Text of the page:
A Pleasingly Busy Pub

The Star Inn, Crowlas (exterior)

I took my parents to the Star Inn at Crowlas, our favourite pub, on two occasions last week and they were amazed at how busy it was.

They are former publicans, albeit almost 40 years ago now. It didn’t work out for them — they talk about Whitbread much the same way present day campaigners talk about pubcos — and kept muttering, astonished, and jealous: ‘We’d have been happy with this on a Saturday night, never mind a weekday teatime!’

Everything is stacked against the Star, on paper at least. It’s way out of town, and there’s no food. It’s a handsome building but not a quaint old inn by any measure, not with the A30 running right past the front door. Though there are campsites nearby Crowlas isn’t really a tourist destination either.

And yet, there the customers are, session after session, day after day.

A group at the bar.
Mid-afternoon at the Star back in January — a relatively quiet moment.

It’s tempting for us to argue that the Star’s success is down to the exemplary products of the Penzance Brewing Co, the onsite microbrewery, that dominate the pumps, alongside exotic guest ales from the North. Certainly that’s what gets into the Good Beer Guide and draws in at least part of the crowd — people who might otherwise not make the trek on public transport from places like Hayle, Penzance and even St Just. That the beer is relatively cheap by Cornish standards, as well as being great, probably doesn’t hurt either.

But there’s more to it than that. It’s a proper village local with a loyal core of regulars attracted, we guess, by the same thing my parents particularly liked: it’s completely unpretentious, without being rough. A tightrope walk for sure.

People come in tracksuit bottoms and trainers, overalls and work boots, tweeds and wellies, suits and ties, hiking boots and anoraks — in short, they wear whatever they like, in whatever condition they like, and no-one cares. Well-trained dogs roam about licking up pork scratching crumbs, sometimes joined by a child or two in the after-school window, drifting quietly from parents to relatives to family friends with pop bottles in hands. The management sets this familial tone — informal, low-key, bluster-free.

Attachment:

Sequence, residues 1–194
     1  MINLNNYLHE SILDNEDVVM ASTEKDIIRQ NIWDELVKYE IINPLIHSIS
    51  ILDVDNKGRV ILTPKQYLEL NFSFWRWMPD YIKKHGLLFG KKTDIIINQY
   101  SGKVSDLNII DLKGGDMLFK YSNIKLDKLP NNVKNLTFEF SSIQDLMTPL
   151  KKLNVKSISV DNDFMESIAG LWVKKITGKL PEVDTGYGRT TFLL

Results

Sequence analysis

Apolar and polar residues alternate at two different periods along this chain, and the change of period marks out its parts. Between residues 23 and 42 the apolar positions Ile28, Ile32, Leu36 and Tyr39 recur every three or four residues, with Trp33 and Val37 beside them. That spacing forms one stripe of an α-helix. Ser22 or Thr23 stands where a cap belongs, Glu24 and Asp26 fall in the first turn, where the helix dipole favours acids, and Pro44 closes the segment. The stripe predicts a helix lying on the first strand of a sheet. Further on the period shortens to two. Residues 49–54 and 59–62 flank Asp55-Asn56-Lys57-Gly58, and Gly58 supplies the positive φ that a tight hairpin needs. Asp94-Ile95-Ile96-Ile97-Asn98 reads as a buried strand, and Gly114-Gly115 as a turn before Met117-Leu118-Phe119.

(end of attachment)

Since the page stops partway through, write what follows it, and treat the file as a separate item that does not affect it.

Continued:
We’re not against food in pubs, or even anti-gastropub (see the upcoming book for more on that) but my Mum was right when she observed that it made a change not to smell deep-fat frying the whole time. The lack of dining also seems to encourage friendly groups to form in what would otherwise be inconvenient places. It also leaves tables free for scattered newspaper pages or for elbows-on-the-wood deep-level conversation. The absence of food changes the mood, in other words. It’s certainly another blow for the received wisdom that a pub can’t thrive without a kitchen in 2017.

When we left after our trip on Wednesday my Dad, not a demonstrative bloke, turned and looked back at the door. ‘Bloody lovely pub,’ he said, sounding almost annoyed to have been so seduced by an establishment 150 miles from his house.

Disclosure: the Penzance Brewing Co’s Peter Elvin has shouted us a few pints over the years, including a round for Dad and me last week.

QUICK POST: Gathered Round the Fire

The fire at the Farmer's Arms.

The Farmer’s Arms opened a bit late on New Year’s Day. Can an entire pub can have a hangover?

The weather had finally, at last, come cold, and we were hoping to find the fire lit. It was, just, but struggling along, with too much blackened paper and damp wood refusing to catch.

One of the regulars, unlit roll-up in mouth, was trying to fix the problem and engaged our friend in a discussion about tactics. Eventually, he left her in charge.